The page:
10. The process of claim 9 in which the surfactant is selected from the group consisting of nonionic surfactants, cationic surfactants and anionic surfactants.
11. The process of claim 10 in which the water-in-oil high internal phase emulsion comprises as the internal phase, at least about 95 weight percent, based on the emulsion, of water.
12. The process of claim 11 in which the curable water-in-oil emulsion is cured in step (f) until at least 85% of the monomers are reacted.
13. The process of claim 12 in which the curable water-in-oil emulsion is cured in step (f) until at least 90% of the monomers are reacted.
14. The process of claim 13 in which the curable water-in-oil high internal phase emulsion is cured in batches.
15. The process of claim 13 in which the curable water-in-oil high internal phase emulsion is cured continuously.
16. The process of claim 1 in which the polymerization catalyst in step (e) is further blended under conditions effective to form a substantially uniform emulsion but less than the inherent shear stability point.
17. The process of claim 1 in which the polymerization catalyst in step (e) is further blended under conditions effective to form a substantially uniform porous crosslinked polymeric material.
18. A process for the preparation of a porous crosslinked polymeric material comprising the steps of:
(a) providing an aqueous stream comprising water and an electrolyte,
(b) providing a monomer stream comprising a mixture of polymerizable monomers comprising at least one vinyl monomer and from about 2 to about 70 weight percent, based on the mixture, of a difunctional unsaturated crosslinking monomer,
(c) providing a surfactant to the aqueous stream, the monomer stream, or both the aqueous and the monomer stream,
(d) combining and mixing said aqueous stream and said monomer stream in a mixing vessel under conditions effective to produce a water-in-oil high internal phase emulsion having at least 90 weight percent, based on the emulsion, of water as the internal phase,
(e) withdrawing at least a portion of said water-in-oil high internal phase emulsion from the mixing vessel,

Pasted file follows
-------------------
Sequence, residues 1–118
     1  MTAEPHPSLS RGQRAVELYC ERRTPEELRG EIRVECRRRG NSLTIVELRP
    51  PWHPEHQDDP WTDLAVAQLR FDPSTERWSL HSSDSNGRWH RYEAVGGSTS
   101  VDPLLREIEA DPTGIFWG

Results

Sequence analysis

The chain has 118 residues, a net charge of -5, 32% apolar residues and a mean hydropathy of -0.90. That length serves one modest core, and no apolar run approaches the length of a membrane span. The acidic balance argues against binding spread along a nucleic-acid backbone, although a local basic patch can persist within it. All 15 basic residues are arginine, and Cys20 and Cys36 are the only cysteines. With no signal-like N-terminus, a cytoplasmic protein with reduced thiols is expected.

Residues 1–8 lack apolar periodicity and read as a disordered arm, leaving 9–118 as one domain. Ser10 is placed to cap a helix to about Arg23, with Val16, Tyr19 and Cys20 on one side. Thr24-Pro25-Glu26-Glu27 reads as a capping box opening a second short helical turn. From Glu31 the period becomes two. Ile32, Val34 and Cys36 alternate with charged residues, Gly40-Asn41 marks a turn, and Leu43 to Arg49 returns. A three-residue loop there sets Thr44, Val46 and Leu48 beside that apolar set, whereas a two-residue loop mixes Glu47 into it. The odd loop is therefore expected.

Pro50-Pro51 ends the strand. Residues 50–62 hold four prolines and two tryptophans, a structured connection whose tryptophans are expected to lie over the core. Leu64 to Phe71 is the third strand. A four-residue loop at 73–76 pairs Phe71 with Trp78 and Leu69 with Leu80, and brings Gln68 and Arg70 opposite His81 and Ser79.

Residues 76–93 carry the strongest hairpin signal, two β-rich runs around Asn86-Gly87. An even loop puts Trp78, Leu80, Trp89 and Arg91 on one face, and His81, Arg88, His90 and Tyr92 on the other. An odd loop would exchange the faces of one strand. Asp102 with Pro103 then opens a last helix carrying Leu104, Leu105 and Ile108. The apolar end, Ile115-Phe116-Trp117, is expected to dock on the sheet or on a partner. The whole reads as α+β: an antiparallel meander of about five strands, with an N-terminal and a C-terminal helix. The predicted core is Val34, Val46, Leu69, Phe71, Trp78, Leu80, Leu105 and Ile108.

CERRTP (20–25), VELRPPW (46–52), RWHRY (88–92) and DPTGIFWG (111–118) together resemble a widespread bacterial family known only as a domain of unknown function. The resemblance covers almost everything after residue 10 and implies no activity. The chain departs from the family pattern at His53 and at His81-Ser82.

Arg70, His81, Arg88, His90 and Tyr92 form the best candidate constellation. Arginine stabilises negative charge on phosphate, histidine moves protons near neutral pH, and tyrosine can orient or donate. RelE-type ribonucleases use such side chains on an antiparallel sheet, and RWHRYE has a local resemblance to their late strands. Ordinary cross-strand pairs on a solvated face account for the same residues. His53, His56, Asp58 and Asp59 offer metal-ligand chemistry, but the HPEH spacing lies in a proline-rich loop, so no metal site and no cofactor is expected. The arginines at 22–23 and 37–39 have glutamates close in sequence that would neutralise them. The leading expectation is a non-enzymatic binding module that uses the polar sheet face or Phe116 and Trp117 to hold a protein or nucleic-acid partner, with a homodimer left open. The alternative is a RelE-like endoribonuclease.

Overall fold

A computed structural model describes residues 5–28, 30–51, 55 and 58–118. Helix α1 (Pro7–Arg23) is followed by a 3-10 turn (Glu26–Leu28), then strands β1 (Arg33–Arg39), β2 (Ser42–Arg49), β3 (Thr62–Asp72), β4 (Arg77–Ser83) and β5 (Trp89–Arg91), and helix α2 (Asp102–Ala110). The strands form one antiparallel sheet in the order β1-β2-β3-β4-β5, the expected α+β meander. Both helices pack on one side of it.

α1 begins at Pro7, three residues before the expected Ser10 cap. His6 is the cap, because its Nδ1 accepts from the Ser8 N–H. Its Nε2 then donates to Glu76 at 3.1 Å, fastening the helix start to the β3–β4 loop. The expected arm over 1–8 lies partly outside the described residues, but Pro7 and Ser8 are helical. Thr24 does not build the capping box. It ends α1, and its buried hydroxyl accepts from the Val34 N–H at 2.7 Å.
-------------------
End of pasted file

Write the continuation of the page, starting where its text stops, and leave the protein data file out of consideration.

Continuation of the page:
(f) then adding to the withdrawn water-in-oil high internal phase emulsion an effective amount of a polymerization catalyst to polymerize and cure the polymerizable monomers thereby producing a curable water-in-oil high internal phase emulsion, and
(g) then polymerizing the curable water-in-oil high internal phase emulsion at a temperature of at least about 25° C. for a time effective to cure the monomers.
19. The process of claim 18 in which the polymerization catalyst is a water-soluble catalyst.
20. The process of claim 18 in which the polymerization catalyst is an oil-soluble catalyst.
Description
FIELD OF INVENTION

This invention relates to the preparation of low density, porous, crosslinked, polymeric materials. In one aspect, the invention relates to a process for the preparation of curable water-in-oil high internal phase emulsions for the production of low density, porous, crosslinked, polymeric materials.

BACKGROUND OF THE INVENTION

Polymeric foams can be generally classified as either closed-cell foams or as open-cell foams. Open-cell foams can be used as a matrix to contain various liquids and gases. They are capable of various industrial applications such as, for example, use in wipes and diapers, as carriers and ion exchange resins. For some of these applications, it is desirable to have porous crosslinked polymer blocks which have a very low density and a high capacity of absorbing and retaining liquids. Such high absorption capacity, low density, porous polymer blocks can be prepared by polymerizing a specific type of water-in-oil emulsion known as high internal phase emulsion (HIPE) having relatively small amounts of a continuous oil phase and relatively greater amounts of an internal water phase.